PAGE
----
Interest rates–and interest rate fluctuations–are a fact of life for investors. The reality for stock market investors is that even small adjustments to interest rates can have a significant impact on their portfolios.
There are three main ways interest rates can affect the stock market:
• First, higher interest rates raise the cost of borrowing for consumers and corporations, which can ultimately affect the earnings of public companies.
• Second, the stock market is efficient. That means it’s prone to pricing in information immediately, even if the actual repercussions from an interest-rate change won’t be felt for some time.
• Lastly, higher interest rates boost bond yields, making the bond market a more attractive place for investors to park money. This could, in turn, make stocks less attractive by comparison.
Below is a deeper dive into all these effects. For context, interest rates have been at historic lows in recent years, as the Federal Reserve has sought to prop up a sluggish economy. But there’s no guarantee that scenario will last. In fact, rates have started rising moderately in 2021 and some say they may head higher. Here’s how that could affect stocks.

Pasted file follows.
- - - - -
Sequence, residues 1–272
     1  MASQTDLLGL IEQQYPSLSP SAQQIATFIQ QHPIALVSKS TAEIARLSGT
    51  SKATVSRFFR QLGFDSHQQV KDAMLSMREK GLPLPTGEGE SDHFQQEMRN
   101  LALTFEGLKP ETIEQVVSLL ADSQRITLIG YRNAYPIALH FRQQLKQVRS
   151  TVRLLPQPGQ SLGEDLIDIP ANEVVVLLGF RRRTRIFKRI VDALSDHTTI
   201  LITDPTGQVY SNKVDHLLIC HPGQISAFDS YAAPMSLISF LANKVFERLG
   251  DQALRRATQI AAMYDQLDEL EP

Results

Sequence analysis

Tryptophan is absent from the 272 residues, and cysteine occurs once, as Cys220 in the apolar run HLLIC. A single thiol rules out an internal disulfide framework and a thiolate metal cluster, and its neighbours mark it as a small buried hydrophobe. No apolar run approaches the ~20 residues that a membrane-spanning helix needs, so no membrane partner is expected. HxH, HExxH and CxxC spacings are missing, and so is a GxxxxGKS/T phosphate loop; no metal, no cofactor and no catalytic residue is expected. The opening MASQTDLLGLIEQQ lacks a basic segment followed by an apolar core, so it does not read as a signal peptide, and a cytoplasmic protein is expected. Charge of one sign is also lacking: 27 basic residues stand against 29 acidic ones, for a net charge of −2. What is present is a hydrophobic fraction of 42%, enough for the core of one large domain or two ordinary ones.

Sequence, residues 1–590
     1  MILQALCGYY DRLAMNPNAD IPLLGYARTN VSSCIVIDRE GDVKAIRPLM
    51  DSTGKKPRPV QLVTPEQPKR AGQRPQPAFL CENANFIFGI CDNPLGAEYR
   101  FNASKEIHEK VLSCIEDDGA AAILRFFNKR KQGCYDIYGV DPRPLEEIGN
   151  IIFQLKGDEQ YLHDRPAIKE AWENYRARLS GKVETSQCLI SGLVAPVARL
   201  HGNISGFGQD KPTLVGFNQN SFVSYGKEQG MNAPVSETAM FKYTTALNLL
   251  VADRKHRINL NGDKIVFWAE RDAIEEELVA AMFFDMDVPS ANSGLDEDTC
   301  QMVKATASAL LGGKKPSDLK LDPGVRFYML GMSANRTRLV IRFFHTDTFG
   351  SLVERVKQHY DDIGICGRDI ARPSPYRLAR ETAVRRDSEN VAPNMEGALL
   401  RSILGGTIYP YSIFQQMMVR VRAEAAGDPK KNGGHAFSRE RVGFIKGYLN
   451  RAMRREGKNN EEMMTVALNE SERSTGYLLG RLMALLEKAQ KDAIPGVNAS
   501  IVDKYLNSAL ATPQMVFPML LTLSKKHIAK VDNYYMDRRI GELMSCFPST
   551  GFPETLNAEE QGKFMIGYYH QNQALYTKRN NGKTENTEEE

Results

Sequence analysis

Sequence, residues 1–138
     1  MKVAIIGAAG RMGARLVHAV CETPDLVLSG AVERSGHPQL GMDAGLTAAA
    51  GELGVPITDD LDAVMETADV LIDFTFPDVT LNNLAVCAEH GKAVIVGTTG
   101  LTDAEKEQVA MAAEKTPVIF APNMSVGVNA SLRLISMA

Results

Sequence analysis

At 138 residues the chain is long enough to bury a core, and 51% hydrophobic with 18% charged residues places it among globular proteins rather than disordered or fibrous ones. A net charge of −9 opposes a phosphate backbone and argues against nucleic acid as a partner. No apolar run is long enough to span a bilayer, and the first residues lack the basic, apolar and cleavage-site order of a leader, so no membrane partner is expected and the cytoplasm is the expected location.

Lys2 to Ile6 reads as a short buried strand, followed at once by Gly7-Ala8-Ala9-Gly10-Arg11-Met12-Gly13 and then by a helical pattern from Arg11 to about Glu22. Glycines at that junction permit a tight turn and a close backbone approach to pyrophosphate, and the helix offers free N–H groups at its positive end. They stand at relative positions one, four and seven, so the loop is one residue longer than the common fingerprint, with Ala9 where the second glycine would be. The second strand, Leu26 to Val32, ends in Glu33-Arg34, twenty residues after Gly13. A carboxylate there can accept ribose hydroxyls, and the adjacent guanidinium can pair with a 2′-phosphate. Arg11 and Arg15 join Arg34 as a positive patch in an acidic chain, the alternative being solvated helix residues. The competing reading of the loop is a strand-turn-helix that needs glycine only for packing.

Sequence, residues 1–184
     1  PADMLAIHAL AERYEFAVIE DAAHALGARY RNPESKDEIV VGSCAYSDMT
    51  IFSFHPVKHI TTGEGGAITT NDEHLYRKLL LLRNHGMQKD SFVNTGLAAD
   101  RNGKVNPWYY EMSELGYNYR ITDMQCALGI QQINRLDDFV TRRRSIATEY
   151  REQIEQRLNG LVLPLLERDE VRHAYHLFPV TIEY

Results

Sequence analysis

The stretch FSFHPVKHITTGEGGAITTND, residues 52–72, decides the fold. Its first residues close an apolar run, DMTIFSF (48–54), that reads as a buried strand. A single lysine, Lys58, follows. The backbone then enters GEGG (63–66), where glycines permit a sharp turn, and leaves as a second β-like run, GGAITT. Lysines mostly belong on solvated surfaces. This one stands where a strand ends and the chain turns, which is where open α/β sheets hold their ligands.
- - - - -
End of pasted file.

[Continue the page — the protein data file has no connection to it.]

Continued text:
Interest Rates 101
Who controls interest rates? The short answer is the Federal Reserve, or the U.S. central bank. The Fed has a “dual mandate”:
• Create the best environment for maximum employment.
• Stabilize price increases, or inflation.
One of the tools the Fed has in its toolkit to try to achieve these twin goals is controlling short-term interest rates. The Federal Open Market Committee–made up of 12 Fed officials–meet eight times a year to set the fed funds rate, or the target interest rate.
The fed funds rate is the rate banks charge each other to lend funds overnight. Other factors that influence interest rates are demand for Treasuries, U.S. government bonds, as well as demand for mortgages and loans among consumers. But when the fed funds rate goes up for banks, this has sweeping ripple effects on the economy as a whole, by raising the cost of borrowing broadly.
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How the Fed Reacts to Slow Economy